It's probably the smallest wool shop in the world and is filled with the most beautiful yarns to tempt the most ardent knitter.

The Farmhouse Wool Studio in Follet St in Marton's owner Linda Hale said her tiny shop is never empty.

"It's become a meeting place for women who love to create soft, woollen garments from cosy jerseys to sweet and lovable knitted toys.''

The tiny studio, set behind Peggy and Lils Cafe - also owned by Hale, has all but become an institution, she laughs.

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Hale spins wool as she chats with small groups of women who pop in and sit on the comfy sofa and talk about their latest project.

One local woman has even designed patterns for knitted rabbits.

"They're not just any old toy rabbits. They have personality and are very appealing.''

And hand knitted socks have also become big business, she said.

Fine spun, glowing, multi-coloured wools from small South Island outlets - mostly in
Canterbury - have become a huge hit.

"Hand knitted socks are big business. One woman has even devised a pattern of how to knit socks on just two needles instead of the usual four.''

In front of the small studio Peggy and Lils Cafe, named after Hale's grandmothers, is also doing brisk business.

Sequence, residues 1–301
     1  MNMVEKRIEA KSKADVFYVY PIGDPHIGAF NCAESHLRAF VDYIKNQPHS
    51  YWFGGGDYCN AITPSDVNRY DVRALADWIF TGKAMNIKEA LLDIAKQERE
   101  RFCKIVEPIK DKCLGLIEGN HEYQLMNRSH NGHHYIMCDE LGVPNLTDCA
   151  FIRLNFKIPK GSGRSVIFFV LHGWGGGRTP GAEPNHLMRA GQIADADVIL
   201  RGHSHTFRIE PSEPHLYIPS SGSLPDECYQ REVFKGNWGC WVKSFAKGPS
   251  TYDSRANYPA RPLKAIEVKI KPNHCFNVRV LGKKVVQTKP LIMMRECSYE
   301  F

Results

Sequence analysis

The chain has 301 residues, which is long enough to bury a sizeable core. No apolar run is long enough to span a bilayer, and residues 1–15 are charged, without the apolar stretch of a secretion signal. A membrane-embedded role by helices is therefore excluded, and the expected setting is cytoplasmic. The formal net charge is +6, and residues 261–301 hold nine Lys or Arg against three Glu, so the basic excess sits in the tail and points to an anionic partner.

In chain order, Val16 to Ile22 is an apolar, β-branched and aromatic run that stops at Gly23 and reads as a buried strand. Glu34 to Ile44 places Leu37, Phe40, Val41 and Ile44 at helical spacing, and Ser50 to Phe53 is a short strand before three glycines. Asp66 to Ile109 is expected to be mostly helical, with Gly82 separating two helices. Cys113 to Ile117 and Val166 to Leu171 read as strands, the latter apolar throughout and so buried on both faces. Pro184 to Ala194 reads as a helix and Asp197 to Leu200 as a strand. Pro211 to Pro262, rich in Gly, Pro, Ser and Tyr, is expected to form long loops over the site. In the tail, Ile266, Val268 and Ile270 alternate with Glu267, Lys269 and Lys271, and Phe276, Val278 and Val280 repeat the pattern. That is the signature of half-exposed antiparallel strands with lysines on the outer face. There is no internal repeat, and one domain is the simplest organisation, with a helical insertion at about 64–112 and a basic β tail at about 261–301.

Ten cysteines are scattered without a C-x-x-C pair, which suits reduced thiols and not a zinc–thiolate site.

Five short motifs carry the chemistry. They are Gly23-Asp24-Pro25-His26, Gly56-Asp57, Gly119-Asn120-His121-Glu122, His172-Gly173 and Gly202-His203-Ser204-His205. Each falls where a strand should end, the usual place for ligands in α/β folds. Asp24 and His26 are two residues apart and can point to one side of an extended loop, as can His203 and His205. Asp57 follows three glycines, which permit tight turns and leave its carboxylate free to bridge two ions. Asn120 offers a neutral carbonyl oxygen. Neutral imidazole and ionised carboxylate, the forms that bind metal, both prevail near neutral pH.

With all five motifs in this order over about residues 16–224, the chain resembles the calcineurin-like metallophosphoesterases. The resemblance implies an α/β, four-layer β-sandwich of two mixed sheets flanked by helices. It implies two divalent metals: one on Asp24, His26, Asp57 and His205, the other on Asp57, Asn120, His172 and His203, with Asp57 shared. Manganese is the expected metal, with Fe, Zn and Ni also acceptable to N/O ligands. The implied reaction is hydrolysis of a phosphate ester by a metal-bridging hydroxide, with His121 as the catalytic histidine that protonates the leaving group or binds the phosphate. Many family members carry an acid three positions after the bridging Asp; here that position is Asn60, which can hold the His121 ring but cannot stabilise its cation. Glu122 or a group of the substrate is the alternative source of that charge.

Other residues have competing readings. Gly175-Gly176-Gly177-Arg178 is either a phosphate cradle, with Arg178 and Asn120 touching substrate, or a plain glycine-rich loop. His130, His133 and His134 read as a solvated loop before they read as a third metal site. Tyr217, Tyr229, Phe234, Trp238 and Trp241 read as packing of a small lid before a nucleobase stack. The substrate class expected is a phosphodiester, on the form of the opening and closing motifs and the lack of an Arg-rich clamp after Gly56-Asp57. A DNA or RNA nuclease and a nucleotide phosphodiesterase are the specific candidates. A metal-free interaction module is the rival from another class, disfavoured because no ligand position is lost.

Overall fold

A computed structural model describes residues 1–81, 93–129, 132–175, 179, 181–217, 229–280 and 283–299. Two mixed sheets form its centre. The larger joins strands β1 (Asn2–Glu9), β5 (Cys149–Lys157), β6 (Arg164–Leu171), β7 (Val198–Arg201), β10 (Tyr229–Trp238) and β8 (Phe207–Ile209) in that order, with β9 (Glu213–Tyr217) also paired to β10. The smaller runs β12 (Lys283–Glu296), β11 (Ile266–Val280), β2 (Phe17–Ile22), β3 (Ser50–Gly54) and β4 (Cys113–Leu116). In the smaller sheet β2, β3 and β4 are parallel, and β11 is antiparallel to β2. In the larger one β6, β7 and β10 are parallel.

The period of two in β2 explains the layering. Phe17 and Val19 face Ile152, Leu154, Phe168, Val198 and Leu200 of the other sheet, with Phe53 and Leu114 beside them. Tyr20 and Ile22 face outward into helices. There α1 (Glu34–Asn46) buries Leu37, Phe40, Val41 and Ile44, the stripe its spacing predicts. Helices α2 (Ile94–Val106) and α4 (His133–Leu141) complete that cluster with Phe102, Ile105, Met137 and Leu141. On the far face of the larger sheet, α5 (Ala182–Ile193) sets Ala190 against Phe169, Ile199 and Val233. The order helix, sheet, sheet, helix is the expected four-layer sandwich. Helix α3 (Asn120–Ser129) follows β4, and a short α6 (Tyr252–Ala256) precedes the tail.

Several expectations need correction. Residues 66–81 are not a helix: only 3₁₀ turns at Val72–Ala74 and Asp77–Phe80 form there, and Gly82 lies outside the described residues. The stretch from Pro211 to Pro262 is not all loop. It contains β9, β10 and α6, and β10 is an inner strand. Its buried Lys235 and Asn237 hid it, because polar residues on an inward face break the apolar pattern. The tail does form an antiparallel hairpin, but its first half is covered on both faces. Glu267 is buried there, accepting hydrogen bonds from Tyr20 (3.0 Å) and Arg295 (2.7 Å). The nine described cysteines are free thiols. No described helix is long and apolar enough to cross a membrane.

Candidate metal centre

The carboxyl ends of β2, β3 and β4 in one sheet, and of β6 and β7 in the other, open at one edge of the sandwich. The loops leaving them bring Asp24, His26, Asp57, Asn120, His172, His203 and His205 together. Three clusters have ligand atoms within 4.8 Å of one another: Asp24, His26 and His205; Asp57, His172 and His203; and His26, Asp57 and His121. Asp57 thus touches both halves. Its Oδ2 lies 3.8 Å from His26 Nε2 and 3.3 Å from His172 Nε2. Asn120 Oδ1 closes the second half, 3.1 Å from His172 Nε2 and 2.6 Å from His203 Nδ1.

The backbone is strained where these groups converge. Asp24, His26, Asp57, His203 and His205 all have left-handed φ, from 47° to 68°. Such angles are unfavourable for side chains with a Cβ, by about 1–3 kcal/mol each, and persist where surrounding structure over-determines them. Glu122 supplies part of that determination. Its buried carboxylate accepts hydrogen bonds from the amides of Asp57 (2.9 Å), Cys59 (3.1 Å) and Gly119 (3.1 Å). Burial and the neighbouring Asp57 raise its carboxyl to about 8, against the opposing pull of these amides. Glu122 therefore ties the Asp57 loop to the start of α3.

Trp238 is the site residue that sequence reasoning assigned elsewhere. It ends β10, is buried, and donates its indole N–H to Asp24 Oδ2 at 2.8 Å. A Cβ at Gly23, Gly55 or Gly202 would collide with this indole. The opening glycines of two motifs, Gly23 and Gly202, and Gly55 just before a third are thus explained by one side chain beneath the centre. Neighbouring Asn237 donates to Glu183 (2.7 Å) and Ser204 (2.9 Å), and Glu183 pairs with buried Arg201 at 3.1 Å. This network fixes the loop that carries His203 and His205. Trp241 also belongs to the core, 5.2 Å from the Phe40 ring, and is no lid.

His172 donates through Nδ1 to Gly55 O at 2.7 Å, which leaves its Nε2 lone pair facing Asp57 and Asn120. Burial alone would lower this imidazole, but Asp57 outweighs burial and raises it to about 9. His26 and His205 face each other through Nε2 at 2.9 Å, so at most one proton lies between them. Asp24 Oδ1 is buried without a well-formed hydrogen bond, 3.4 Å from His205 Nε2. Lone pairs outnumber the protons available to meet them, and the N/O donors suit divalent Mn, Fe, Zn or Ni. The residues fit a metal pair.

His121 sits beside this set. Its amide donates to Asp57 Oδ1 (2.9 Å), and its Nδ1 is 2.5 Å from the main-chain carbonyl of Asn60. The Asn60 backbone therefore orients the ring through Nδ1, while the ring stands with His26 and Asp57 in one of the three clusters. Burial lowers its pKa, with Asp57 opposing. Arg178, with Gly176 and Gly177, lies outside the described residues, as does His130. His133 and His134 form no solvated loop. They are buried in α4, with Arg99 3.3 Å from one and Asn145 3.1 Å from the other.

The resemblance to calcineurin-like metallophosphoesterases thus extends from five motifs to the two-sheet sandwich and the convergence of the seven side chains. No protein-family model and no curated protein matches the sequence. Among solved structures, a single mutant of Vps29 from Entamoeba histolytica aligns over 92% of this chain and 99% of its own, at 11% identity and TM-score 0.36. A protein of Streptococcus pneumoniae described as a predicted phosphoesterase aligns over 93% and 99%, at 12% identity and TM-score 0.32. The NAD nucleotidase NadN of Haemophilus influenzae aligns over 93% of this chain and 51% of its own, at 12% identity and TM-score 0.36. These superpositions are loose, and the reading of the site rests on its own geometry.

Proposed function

"We've become a very popular hub in Marton.

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Hale leases the small cafe and the aroma of delicious cooking and baking permeates the air, along with the hard-to-resist smell of hot coffee.

The little cafe has become a popular foodie place in Marton, with locals constantly in and out grabbing a coffee and food.

The little wool studio is also a treasure trove for women after something a little different, Hale said.

Tucked away on shelves and set in small boxes are cards of artistic, colourful ceramic, porcelain and plastic buttons.

"They are works of art and very popular.''

There are even a few bespoke leather bags from the South Island which have been very popular, she said.

"Women love bags and these are gorgeous."

Hale wonders because so much of her original stock comes from the Canterbury region if the earthquakes had prompted many of the women to turn their hands to creativity rather than heading back to work in an office again.

It was during a road trip through the South Island where she had made many of her discoveries.

"It was wonderful stopping in small towns and discovering these beautiful yarns women were creating from their homes. It was a trip never to be forgotten.''